Изображения страниц
PDF
EPUB

The little actor cons another part ;
Filling from time to time his humorous stage
With all the Persons, down to palsied Age,
That life brings with her in her equipage ;

As if his whole vocation

Were endless imitation.
Thou, whose exterior semblance doth belie

Thy soul's immensity;
Thou best philosopher, who yet dost keep
Thy heritage, thou eye among the blind,
That, deaf and silent, read'st the eternal deef:
Ilaunted for ever by the eternal Mind, -

Mighty Prophet ! Seer blest!

On whom those truths do rest
Which we are toiling all our lives to find,
In darkness lost, the darkness of the grave ;
Thou, over whom thy Immortality
Broods like the day, a master o'er a slave,
A Presence which is not to be put by ;
Thou little child, yet glorious in the might
Of heaven-born freedom on thy being's height,
Why with such earnest pains dost thou provoke
The years to bring the inevitable yoke,
Thus blindly with thy blessedness at strife ?
Full soon thy soul shall have her earthly freight,
And custom lie upon thee with a weight
Heavy as frost, and deep almost as life!

O joy! that in our embers
Is something that doth live,
That Nature yet remembers

What was so fugitive !
The thought of our past years in me doth breed
Perpetual benediction : not indeed
For that which is most worthy to be blest,
Delight and liberty, the simple creed
Of Childhood, whether busy or at rest,
With new-fledged hope still Auttering in his breast la

-Not for these I raise

The song of thanks and praise ;
But for those obstinate questionings

Of sense and outward things,
Fallings from us, vanishings;

Blank misgivings of a creature
Moving about in worlds not realized,
High instincts, before which our mortal nature
Did tremble like a guilty thing surprized :

But for those first affections,
Those shadowy recollections,

Which, be they what they may,
Are yet the fountain-light of all our day,
Are yet a master-light of all our seeing ;

'Uphold us, cherish, and have power to make Our noisy years seem moments in the being Of the eternal Silence : truths that wake,

To perish never ;
Which neither listlessness, nor mad endeavour,

Nor man nor boy
Nor all that is at enmity with joy,
Can utterly abolish or destroy!
Hence, in a season of calm weather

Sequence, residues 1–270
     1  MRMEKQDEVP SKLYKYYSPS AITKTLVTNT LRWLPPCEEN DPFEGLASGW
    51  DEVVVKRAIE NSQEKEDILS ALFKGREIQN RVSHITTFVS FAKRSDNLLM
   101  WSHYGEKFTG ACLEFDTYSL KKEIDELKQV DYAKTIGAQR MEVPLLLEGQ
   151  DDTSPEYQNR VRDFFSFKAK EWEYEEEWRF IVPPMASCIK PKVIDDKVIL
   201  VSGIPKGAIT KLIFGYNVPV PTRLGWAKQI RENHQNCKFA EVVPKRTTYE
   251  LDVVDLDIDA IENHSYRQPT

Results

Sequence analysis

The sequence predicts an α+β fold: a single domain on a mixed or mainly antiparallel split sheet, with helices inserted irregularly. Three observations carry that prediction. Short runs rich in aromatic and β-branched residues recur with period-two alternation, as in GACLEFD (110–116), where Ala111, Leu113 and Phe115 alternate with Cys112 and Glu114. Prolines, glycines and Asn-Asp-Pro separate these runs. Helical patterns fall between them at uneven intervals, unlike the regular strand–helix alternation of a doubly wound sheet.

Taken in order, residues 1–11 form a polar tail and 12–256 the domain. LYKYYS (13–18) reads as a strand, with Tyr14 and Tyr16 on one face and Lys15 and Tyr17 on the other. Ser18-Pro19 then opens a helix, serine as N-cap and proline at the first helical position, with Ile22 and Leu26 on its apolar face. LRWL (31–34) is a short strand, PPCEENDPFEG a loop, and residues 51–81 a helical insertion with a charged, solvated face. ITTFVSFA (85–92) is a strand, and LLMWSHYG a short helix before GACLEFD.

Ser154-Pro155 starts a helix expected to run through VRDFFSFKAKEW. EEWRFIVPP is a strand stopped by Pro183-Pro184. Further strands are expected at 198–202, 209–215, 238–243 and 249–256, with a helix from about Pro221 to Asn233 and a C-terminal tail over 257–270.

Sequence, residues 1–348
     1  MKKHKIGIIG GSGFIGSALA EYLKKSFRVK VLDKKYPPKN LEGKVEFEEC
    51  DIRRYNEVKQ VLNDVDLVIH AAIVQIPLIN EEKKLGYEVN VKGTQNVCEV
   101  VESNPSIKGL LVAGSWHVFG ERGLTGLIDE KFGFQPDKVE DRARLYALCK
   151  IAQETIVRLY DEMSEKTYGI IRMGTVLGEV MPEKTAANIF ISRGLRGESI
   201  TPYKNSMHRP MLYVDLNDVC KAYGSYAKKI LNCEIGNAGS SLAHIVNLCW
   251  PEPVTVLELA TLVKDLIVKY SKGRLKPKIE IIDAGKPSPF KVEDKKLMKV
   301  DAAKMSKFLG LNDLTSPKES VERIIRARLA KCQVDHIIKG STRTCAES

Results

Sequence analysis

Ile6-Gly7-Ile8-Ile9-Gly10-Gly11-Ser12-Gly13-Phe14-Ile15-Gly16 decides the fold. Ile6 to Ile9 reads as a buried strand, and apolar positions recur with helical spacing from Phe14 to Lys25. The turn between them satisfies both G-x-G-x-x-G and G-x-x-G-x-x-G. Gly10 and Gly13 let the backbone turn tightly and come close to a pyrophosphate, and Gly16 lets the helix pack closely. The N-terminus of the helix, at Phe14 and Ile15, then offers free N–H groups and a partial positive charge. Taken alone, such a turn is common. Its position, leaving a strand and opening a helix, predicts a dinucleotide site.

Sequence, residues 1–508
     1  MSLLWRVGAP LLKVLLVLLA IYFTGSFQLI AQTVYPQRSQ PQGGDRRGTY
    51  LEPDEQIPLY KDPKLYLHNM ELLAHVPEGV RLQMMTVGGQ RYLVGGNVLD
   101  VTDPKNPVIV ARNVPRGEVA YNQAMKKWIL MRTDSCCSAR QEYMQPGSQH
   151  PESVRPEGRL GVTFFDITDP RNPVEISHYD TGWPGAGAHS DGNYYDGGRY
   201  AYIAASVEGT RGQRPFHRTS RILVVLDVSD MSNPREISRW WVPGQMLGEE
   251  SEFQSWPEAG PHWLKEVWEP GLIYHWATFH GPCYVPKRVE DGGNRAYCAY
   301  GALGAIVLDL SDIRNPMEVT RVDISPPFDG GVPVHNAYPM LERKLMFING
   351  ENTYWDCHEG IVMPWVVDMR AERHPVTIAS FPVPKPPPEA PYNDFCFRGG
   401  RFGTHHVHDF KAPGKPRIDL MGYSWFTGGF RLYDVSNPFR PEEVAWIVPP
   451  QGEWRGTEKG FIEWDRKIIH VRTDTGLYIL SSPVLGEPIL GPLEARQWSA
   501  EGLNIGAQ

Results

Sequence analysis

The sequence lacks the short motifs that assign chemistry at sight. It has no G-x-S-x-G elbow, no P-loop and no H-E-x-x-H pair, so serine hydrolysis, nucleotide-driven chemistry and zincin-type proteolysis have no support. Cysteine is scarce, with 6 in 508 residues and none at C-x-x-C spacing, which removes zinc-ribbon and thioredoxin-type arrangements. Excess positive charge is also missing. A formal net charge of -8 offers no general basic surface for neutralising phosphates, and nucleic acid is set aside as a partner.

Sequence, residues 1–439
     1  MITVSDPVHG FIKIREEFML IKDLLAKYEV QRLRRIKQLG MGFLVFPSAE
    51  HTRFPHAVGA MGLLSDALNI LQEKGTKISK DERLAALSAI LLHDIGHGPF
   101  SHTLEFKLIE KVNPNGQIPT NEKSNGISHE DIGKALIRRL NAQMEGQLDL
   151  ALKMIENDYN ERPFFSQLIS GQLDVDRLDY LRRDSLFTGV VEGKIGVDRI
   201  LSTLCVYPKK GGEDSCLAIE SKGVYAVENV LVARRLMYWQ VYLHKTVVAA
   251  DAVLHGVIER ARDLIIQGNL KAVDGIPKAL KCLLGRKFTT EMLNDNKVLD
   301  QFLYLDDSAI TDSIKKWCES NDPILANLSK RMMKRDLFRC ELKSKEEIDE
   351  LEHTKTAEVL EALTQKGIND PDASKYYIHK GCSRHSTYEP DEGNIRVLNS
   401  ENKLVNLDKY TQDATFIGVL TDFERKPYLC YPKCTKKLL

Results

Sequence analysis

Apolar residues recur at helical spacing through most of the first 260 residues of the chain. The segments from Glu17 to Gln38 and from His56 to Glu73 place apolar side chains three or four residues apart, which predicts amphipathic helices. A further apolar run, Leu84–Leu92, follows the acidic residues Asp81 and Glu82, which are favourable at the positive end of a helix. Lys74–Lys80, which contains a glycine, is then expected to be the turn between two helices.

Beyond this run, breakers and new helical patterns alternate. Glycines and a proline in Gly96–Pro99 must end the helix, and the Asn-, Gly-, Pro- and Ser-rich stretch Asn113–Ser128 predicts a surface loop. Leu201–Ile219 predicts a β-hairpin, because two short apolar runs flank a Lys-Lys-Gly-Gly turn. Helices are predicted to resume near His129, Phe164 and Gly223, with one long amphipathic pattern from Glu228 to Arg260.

Though inland far we be,
Our souls have sight of that immortal sea

Which brought us hither ;

Can in a moment travel thitherAnd see the children sport upon the shore, And hear the mighty waters rolling evermore. Then, sing ye birds, sing, sing a joyous song !

And let the young lambs bound

As to the tabor's sound !
We, in thought, will join your throng

Ye that pipe and ye that play,
Ye that through your hearts to-day

Feel the gladness of the May !
What though the radiance which was once so bnght
Be now for ever taken from my sight,

Though nothing can bring back the hour
Of splendour in the grass, of glory in the flower;

We will grieve not, rather find
Strength in what remains behind ;
In the primal sympathy
Which having been must ever be ;

In the soothing thoughts that spring
Out of human suffering ;

In the faith that looks through death,
In years that bring the philosophic mind.
And O, ye Fountains, Meadows, Hills, and Groves,
Forbode not any severing of our loves !
Yet in my heart of hearts I feel your might;
I only have relinquish'd one delight
To live beneath your more habitual sway :
I love the brooks which down their channels fret
Even more than when I tripp'd lightly as they ;
The innocent brightness of a new-born day

Is lovely yet ;
The clouds that gather round the setting sun
Do take a sober colouring from an eye
That hath kept watch o'er man's mortality ;
Another race hath been, and other palms are won.
Thanks to the human heart by which we live,
Thanks to its tenderness, its joys, and fears,
To me the meanest Aower that blows can give
Thoughts that do often lie too deep for tears.

W. Wordsworth

CCCXXXIX

Music, when soft voices die,
Vibrates in the

memory--
Odours, when sweet violets sicken,
Live within the sense they quicken.
Rose leaves, when the rose is dead,
Are heap'd for the beloved's bed ;
And so thy thoughts, when Thou art gone,
Love itself shall slumber on.

P. B. Shelley

ADDITIONAL POEMS

« ПредыдущаяПродолжить »